Senior Member
 
Caferacernoc's Avatar
 
Join Date: Feb 2008
Location: Milwaukee WI
Bikes: Schwinn Traveler, Chimo Concourse, Next mountain bike, all crap!
Posts: 250
Mentioned: 0 Post(s)
Tagged: 0 Thread(s)
Quoted: 0 Post(s)
I am 39. I like old stuff and I like to tinker. I like the purity of design, craftsmanship, and the style of the older stuff. In many cases you also learn that there are real advantages to the way things used to be made. Performance and longetivity. I hate our disposable society. But back to bikes. I have always liked speedy mechanical devices and also rock music. I play guitar. I was in my formative early teens in the early eighties so everything that was cool to me was many times from the '70's or even '60's. My dad had a state of the art "hi-fi" from the sixties with tubes. A Schwinn Continental from about 1972 with a leather seat. Many cool cars from the '60's and '70's. There were all kinds of awesome motorcycles from the '70's back then. It stuck. I like caferacer style motorcycles. Hot rods. Sports cars. Tube guitar amps. Record players. Things made out of wood. Lean and mean looking steel lugged racing bicycles....... All the good stuff. I like to rebuild, customize it all too.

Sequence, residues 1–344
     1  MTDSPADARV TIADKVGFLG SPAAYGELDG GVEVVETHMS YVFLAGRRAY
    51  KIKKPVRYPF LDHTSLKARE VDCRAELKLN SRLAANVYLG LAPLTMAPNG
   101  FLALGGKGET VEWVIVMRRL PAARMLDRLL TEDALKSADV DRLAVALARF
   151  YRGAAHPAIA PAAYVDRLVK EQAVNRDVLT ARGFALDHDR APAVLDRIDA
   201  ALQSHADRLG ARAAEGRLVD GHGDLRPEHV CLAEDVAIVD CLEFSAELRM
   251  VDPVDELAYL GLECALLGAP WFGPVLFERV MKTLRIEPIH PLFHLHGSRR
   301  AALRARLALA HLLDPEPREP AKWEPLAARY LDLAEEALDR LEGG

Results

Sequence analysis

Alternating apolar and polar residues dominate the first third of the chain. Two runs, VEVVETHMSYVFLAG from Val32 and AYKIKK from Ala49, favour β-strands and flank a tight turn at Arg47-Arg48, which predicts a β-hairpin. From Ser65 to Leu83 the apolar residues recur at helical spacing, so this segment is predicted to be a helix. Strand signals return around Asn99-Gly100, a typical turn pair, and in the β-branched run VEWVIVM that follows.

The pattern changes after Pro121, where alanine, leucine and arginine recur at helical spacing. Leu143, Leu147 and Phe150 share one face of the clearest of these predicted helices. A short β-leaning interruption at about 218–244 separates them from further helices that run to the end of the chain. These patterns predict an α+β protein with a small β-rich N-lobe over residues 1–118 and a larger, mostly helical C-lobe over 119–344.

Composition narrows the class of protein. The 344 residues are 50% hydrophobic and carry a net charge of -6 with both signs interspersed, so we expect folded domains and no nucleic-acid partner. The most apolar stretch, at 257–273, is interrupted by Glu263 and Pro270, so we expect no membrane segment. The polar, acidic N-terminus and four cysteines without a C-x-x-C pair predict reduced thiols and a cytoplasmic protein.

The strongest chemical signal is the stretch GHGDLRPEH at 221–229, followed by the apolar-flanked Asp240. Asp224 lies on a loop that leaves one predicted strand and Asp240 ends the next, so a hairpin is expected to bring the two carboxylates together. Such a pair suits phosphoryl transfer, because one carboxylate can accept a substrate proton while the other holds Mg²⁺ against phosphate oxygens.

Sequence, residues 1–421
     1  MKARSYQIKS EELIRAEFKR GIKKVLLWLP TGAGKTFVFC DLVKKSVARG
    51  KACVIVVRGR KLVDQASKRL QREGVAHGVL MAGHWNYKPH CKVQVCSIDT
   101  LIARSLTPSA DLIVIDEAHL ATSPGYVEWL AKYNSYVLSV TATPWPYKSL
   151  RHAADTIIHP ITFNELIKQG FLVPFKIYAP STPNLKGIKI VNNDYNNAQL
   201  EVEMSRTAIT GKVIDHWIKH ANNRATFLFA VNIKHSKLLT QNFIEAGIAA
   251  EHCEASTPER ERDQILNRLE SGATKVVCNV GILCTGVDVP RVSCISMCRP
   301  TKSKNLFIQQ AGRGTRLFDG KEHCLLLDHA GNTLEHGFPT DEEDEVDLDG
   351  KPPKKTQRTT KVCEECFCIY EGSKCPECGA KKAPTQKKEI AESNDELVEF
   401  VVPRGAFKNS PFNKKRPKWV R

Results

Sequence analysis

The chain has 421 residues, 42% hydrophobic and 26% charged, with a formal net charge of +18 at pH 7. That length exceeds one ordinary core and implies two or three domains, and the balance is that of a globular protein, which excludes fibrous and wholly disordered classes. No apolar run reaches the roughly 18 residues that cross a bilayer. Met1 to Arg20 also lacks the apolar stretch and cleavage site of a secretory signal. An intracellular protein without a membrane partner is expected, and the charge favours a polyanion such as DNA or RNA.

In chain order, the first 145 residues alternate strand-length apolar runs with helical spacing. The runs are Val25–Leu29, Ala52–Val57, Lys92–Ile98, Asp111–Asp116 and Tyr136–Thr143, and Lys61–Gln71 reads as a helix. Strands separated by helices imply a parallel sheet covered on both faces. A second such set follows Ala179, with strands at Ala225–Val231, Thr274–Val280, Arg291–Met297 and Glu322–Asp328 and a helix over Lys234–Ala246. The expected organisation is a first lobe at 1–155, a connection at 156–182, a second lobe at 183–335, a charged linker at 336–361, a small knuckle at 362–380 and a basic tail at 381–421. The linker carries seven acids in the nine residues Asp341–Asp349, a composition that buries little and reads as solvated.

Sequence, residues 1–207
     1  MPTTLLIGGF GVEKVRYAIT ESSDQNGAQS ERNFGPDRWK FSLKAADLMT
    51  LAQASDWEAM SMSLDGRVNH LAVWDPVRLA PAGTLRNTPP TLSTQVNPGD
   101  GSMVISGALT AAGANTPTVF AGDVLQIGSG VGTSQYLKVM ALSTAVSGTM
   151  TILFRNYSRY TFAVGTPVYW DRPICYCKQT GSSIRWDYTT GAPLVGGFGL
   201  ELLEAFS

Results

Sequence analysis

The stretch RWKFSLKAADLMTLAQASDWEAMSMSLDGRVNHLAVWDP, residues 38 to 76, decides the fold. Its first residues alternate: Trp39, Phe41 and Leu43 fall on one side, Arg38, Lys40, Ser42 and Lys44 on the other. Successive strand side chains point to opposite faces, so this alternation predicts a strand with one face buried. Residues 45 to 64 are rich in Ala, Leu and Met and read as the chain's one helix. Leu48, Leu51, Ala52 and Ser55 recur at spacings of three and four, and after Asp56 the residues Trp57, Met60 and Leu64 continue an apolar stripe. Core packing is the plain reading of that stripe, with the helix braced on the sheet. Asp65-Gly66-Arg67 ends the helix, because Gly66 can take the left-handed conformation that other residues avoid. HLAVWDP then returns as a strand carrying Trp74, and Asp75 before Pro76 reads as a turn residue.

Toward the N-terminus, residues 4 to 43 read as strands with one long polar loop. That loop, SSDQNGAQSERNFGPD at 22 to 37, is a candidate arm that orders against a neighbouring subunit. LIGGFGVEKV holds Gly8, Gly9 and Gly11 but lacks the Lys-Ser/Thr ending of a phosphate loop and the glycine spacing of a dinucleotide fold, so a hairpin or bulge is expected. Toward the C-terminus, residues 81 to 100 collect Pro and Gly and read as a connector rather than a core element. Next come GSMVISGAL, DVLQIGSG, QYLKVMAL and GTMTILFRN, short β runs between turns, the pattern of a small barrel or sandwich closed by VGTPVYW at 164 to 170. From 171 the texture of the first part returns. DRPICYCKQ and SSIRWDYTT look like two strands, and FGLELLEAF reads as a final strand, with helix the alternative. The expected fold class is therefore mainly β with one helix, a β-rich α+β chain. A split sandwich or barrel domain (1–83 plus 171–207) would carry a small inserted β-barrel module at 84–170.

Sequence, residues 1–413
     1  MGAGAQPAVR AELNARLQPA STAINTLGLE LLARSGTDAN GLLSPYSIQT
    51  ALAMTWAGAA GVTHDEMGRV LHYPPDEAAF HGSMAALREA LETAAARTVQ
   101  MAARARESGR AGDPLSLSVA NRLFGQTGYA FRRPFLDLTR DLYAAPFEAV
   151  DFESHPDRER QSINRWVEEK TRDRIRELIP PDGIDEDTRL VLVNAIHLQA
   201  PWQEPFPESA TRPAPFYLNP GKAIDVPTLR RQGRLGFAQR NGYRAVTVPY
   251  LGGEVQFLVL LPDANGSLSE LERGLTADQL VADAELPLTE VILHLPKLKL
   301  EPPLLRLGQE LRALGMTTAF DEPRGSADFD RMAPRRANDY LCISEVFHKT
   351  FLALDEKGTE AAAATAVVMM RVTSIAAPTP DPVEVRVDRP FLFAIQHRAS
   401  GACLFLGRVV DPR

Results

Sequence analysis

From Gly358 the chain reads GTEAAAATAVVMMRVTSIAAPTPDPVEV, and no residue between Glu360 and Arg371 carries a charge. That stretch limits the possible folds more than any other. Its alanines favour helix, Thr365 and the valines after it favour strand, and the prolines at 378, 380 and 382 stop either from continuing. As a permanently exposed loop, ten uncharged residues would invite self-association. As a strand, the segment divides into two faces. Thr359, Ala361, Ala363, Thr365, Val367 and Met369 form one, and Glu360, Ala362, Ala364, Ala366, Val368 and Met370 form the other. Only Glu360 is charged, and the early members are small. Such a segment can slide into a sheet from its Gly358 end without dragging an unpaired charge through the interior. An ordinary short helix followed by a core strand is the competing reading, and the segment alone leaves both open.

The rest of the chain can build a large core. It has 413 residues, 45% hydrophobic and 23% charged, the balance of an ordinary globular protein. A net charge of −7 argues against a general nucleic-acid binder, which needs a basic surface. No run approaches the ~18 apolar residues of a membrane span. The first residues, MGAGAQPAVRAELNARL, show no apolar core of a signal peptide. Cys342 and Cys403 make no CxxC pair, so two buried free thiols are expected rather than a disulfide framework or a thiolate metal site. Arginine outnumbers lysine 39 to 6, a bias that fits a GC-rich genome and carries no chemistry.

This kind of "lifestyle" just suits me.
Caferacernoc is offline   Reply With Quote
Old 03-05-08, 10:15 AM   #8
RK1963
Senior Member
 
RK1963's Avatar
 
Join Date: Mar 2005
Bikes:
Posts: 580
Mentioned: 0 Post(s)
Tagged: 0 Thread(s)
Quoted: 0 Post(s)
I'm 44 (1st bike was a schwinn lemon peeler).

I ride vintage bikes, as I don't want to go out and buy new tools.
RK1963 is offline   Reply With Quote
Old 03-05-08, 10:27 AM   #9
Sixty Fiver
Bicycle Repair Man !!!
 
Sixty Fiver's Avatar
 
Join Date: Sep 2007
Location: YEG
Bikes: See my sig...
Posts: 27,255
Mentioned: 0 Post(s)
Tagged: 0 Thread(s)
Quoted: 1 Post(s)
I was born in 1965 and am not 65 as some people think and that makes me...let me count on my fingers and toes, and my dogs toes... 42.

I always had a bike when I was a kid and my parents, who didn't have tons of money, always made sure I got an upgrade about every two years and my step father expected that I would be able to do the work that was needed to keep my bike running smoothly and safely.

Then as now, I could often be found spending a lot of time in the bike shop looking over every new bike, the new parts, and learning everything I could.